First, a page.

However, with the intestinal seams placed very closely to the sphincter, a stoma may be necessary in order to let the wound heal for a few weeks – just like after a bone fracture one must first walk with crutches until the bone can be loaded again.
For certain tumors in the rectum the result of the treatment can be improved by irradiation combined with chemotherapy before the operation, this procedure is standard today. Standard is also the chemotherapy after the surgery in case of lymph node involvement. In such cases, we work closely with our Oncology and a Radiation Therapy Departments. All these cases are discussed at the tumor conferences.
Immediately after the operation, the patients are usually allowed to drink and after a few days to eat again. The long fasting is no longer necessary (fast track) thanks to gentle surgery and anesthesia.
The removal of the intestines may also be necessary in benign diseases such as diverticulitis, but also for other inflammations. Emergency interventions with intestinal obstruction, e.g. (Ileus) are not quite rare.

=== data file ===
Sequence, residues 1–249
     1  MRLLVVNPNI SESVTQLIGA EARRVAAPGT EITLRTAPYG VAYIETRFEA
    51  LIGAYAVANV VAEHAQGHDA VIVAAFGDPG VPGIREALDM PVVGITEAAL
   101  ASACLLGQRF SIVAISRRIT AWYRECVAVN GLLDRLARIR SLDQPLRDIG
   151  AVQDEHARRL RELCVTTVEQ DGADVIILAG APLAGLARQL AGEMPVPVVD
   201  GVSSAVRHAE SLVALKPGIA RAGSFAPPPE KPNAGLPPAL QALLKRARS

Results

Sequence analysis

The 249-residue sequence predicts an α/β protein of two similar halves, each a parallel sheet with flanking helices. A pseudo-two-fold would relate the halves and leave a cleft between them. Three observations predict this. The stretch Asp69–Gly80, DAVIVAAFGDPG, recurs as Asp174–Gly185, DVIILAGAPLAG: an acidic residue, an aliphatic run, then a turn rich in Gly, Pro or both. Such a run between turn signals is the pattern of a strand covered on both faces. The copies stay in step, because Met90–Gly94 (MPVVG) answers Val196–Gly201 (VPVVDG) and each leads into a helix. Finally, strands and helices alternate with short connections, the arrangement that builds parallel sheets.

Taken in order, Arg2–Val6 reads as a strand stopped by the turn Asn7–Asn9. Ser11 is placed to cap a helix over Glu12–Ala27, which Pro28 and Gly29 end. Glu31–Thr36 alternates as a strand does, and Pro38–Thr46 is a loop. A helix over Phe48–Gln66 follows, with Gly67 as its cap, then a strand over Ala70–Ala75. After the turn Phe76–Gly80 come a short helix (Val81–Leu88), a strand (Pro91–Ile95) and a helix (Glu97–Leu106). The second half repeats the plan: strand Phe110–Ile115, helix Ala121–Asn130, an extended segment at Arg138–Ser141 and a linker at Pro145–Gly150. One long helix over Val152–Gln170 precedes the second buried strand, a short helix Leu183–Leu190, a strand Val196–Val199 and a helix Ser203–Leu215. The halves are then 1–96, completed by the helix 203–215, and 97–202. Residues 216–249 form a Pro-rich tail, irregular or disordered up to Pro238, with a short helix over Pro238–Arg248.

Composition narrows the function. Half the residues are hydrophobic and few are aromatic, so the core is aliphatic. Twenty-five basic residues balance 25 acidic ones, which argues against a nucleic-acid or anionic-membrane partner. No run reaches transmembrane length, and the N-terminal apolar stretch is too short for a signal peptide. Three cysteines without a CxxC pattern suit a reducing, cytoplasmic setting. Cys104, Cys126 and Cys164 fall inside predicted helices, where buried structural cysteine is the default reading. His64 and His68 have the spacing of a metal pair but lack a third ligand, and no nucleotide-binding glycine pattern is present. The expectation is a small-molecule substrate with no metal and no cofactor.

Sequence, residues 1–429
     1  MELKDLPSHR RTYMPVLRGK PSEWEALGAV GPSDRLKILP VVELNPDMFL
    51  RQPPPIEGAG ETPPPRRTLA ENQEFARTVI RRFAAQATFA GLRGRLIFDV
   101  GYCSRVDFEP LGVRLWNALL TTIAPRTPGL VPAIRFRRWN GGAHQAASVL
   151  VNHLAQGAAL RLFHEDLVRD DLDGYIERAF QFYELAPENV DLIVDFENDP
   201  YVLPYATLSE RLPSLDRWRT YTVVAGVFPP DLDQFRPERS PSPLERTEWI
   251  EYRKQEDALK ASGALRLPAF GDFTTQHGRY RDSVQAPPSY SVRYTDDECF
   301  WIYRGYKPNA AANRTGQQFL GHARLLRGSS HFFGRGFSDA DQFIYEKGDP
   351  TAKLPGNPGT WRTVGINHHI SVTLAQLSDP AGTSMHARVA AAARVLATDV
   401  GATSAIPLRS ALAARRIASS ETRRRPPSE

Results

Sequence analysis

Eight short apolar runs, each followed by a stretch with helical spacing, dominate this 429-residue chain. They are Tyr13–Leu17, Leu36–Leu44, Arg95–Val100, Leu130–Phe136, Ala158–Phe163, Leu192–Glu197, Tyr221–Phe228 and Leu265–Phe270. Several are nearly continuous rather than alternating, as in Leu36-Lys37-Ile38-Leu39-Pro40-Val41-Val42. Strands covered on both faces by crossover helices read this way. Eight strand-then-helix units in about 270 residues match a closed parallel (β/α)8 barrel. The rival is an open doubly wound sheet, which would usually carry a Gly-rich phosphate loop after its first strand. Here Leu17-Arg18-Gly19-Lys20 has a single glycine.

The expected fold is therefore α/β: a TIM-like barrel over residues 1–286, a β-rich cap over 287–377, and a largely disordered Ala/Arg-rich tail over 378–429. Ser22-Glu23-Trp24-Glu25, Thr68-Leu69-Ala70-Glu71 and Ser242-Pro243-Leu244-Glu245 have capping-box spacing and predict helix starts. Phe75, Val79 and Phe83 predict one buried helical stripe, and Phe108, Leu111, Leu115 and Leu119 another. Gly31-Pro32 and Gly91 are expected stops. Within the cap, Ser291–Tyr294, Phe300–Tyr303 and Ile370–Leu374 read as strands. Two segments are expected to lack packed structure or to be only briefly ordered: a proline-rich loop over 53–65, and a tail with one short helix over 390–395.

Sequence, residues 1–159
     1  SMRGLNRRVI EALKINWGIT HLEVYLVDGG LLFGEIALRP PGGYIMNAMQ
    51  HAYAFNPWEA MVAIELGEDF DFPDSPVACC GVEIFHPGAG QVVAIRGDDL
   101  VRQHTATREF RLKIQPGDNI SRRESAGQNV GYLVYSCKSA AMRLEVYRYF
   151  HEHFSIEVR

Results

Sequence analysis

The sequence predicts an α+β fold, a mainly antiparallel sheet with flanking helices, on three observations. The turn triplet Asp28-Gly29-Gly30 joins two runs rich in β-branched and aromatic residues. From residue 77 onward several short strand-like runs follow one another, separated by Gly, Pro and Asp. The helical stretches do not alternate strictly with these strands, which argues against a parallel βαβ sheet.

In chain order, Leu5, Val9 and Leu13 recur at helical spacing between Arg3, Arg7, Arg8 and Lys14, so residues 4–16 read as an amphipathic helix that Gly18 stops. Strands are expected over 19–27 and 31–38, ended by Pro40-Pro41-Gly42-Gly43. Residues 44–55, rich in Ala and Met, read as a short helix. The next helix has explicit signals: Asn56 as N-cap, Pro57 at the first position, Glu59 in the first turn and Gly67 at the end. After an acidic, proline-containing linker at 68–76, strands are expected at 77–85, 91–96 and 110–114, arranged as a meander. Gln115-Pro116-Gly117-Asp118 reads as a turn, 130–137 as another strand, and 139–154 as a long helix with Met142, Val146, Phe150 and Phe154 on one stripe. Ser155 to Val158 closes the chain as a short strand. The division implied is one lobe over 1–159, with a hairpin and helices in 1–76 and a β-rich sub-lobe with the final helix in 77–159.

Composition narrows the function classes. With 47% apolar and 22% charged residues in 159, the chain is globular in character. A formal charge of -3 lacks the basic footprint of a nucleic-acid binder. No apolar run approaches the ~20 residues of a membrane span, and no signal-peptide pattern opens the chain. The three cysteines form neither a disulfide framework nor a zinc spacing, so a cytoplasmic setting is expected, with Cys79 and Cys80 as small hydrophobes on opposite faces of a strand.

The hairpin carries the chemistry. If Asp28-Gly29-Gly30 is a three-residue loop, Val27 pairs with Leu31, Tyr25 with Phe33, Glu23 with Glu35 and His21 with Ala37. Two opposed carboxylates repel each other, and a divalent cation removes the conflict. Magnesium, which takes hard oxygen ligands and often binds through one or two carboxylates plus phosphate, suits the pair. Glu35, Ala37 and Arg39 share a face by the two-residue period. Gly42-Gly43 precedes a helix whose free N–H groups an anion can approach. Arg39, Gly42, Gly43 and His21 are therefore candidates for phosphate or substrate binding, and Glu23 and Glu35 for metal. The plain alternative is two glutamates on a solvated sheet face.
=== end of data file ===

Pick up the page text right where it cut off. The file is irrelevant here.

Often we perform the described operations using laparoscopy (using abdominal endoscopy) in cases of both benign and malignant diseases, which further reduces recovery period after the operation. We are also particularly experienced in such „keyhole“ operations.
Disorders of the intestinal tract are usually unpleasant, often painful and, as you can see, very frequent. Because of shame, but also for fear of more pain, many patients with proctological diseases receive treatment only after a long period of suffering. Fortunately, such diseases are usually not dangerous, but a malignant tumor must be excluded in all cases.
A special focus of our department is the operative treatment of the anal diseases called surgical proctology.